Lazer Focus

Ferry Gouw/Major Lazer

The eponymous stylings of Major Lazer.

Major Lazer lost both arms in a secret zombie war in 1984. But that hasn't slowed down the Jamaican commando who looks like Mr T. with Bob Marley's dreadlocks. He still fights vampires, as well as various Skeletor-looking beasts, and travels via a rocket-powered hoverboard, which is cooler than any of the sticks in your quiver (regardless of the camber profile).

According to record label Mad Decent, which puts out the music of the crew that Major Lazer represents, Major Lazer also parties hard, and that's where the similarity between the commando mascot and the dancehall band that shares his name begins. Originally started by DJs Diplo and Switch in 2009, Switch left the Major Lazer project in 2011 due to creative differences and was replaced by Jillionaire and Walshy Fire. The new lineup is set to release its second full-length recording next month.

We talked to Diplo recently. Turns out the superstar DJ/producer, who has dated MIA and booked Skrillex for his 2-year-old son's birthday party, had a lot to say about Snoop Lion, whom he would love to work with if he had a time machine, and what it takes to create a great song.

The X Fest Stage at Buttermilk Mountain in Aspen, Colo., will host Major Lazer at 4:15 p.m. MT on Jan. 27. X Fest Stage concerts are free to the public. Have you been to Aspen before?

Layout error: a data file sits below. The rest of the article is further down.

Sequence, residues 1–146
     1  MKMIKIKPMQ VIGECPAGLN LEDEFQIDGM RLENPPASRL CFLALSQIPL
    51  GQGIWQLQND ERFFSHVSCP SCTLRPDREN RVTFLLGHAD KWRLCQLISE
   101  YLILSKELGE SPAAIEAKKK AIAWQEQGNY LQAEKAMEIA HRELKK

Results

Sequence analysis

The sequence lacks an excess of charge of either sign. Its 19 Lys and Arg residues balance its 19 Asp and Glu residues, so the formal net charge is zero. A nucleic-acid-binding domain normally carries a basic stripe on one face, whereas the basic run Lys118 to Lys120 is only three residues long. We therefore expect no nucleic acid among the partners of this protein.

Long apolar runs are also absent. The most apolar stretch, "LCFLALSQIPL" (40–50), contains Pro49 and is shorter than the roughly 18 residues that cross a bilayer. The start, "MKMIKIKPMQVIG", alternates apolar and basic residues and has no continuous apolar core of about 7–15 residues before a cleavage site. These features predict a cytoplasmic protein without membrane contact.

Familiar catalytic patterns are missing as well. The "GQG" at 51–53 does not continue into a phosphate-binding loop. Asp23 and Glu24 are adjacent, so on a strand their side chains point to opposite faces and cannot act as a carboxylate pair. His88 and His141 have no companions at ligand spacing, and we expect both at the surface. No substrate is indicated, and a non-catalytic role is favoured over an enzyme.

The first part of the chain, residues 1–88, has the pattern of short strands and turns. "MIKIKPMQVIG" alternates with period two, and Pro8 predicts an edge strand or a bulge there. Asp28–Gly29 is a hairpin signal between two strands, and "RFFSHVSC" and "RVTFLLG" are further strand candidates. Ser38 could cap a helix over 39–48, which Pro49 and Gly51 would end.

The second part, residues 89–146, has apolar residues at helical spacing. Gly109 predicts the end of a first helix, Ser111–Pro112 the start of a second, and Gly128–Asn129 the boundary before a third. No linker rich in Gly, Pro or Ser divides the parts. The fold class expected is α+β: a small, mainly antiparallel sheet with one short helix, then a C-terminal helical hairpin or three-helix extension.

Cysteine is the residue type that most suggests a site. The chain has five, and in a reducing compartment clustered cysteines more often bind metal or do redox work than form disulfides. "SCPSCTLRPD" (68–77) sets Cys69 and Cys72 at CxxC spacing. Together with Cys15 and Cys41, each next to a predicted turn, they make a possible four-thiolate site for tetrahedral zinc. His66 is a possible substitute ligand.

I was there last year around this time. I love it. I'm not really much of a winter person -- I like the beach and sunny weather -- but the energy around Aspen was crazy.

Major Lazer's upcoming album, "Free The Universe," drops on Feb. 19 on Mad Decent. What can listeners expect?
A great album -- a great collection of songs. I worked really hard on it and I hope people can check it out and understand. The wintertime is not the best time for us to play reggae music -- you want to play in sunny weather -- but we bring the party, so hopefully we'll get some energy back from the audience.

Major Lazer's first album, "Guns Don't Kill People," was recorded in Kingston, Jamaica, at the legendary Tuff Gong Studios, which was founded by Bob Marley. What was that like?
The vibe was crazy there because they have a lot of history. Just comfortable. In Jamaica, the energy you get is crazy. We've been all over Jamaica; [we've] worked in small studios the size of someone's bathroom and giant spots like Tuff Gong, and the live room is bigger than my house.

"Guns Don't Kill People" features guest vocals by singers like Santigold, Nina Sky, Amanda Blank and many more. Your new record also features a slew of different singers. What's it like to work with a different singer on almost every track?
I hone in on what I want to get out of the singer. And hopefully there's chemistry, because that's what creates a good song.

The video for "Hold The Line" was nominated for an MTV Video Award in the Breakthrough Video category. It's mostly animated and shows the character Major Lazer in action. Are you a fan of cartoons?